Porpoise Song
Porpoise Song

and have donated a piece to the Integrated Mathematical Oncology Department.

Sweet Jane
Sweet Jane

I am currently embarking on a collaborative endeavor entitled “My Sarcoma” project.  I plan on combining painting, photographic images of my tumor cells, printmaking, video and music to create an exhibit that illuminates my experiences as an artist and cancer patient. I envision my art to be a prescient, visual manifestation of the battle raging within, and a powerful testament to the beauty of Hope.

As a teaser, here is a prototypical Sarcoma piece from Ray.  You can see his signature style of abstract forms detailed into cellular figures, and beneath, an H&E pathology image of his own tumor.

Ray's Sarcoma
Ray’s Sarcoma

Jacob Scott is a TEDMED 2012 speaker who blogs at cancerconnector.blogspot.com.  You can follow him @CancerConnector. You can follow Ray on Twitter at @raypaul4.

Call for ideas: What should a 21st-century doctor look like?

In 1900, the leading causes of death in the U.S. were flu, tuberculosis and gastrointestinal infections. Today, they are heart disease, cancer, and chronic respiratory diseases, with stroke and diabetes in the top ten – largely preventable conditions.*

The problem is, our healthcare system, devoted as it is to acute, curative care, still thinks it’s 1900, with disastrous results. As Ali Ansary, Sandeep “Sunny” Kishore and Jacob Scott, all TEDMED 2012 speakers, wrote in The Huffington Post,

“With increasingly tragic consequences, the reactionary medical paradigm has not provided the preventive care or chronic illness management that our culture needs. Healthcare spending currently consumes 17 percent of our GDP and without a radical shift in thinking, this number may grow even higher.”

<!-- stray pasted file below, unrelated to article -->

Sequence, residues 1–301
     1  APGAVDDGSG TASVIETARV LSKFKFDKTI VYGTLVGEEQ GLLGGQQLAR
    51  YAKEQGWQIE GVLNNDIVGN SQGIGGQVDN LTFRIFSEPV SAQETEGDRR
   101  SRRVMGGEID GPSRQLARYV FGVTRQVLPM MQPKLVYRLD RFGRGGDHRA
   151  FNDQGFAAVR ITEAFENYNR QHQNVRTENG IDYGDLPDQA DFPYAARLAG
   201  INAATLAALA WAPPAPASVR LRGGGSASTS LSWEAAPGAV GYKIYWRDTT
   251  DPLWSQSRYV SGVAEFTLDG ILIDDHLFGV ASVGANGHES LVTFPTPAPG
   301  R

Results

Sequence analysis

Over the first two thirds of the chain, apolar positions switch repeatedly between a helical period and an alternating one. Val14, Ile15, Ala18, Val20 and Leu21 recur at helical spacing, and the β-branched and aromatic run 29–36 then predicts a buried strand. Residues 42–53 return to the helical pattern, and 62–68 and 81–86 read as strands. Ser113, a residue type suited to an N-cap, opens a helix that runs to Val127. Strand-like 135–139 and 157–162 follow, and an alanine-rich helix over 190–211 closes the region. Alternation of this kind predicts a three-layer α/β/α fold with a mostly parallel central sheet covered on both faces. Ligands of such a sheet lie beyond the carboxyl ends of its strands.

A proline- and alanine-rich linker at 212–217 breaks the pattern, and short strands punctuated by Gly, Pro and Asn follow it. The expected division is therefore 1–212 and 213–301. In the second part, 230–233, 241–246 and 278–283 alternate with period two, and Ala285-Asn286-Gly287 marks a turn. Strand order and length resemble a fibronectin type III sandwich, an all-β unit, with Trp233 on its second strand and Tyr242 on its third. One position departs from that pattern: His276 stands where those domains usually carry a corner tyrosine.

Change begins with conversation. To that end, the three have launched a movement called Tomorrow’s Doctor, in which they call for ideas on how to reimagine medicine of the future, starting with med ed.  We must re-align priorities, they say, and take advantage of gains already made in technology and public health.

Above all:

“We need to stop the “imaginectomies” and help, collectively, step by step, to make creativity, imagination and compassion the 21st century standards of medical education.”

Read the full article here and visit www.tomorrowsdoctor.org to contribute ideas.

Sources:  Centers for Disease Control and Prevention; New England Journal of Medicine

Announcing nine more 2012 speakers

Our latest additions to the 2012 speaker lineup will offer a truly panoramic view of health and medicine today and far, far into the future. Through these amazing folks, we’ll have a peek at the wonders of human biology; understand the intricacies of surgery, robotics and neuroprosthetics; hear about novel, visionary tactics aimed at conquering public health challenges like aging, cancer, and tobacco use; and assess the very way we go about knowledge-sharing in the U.S.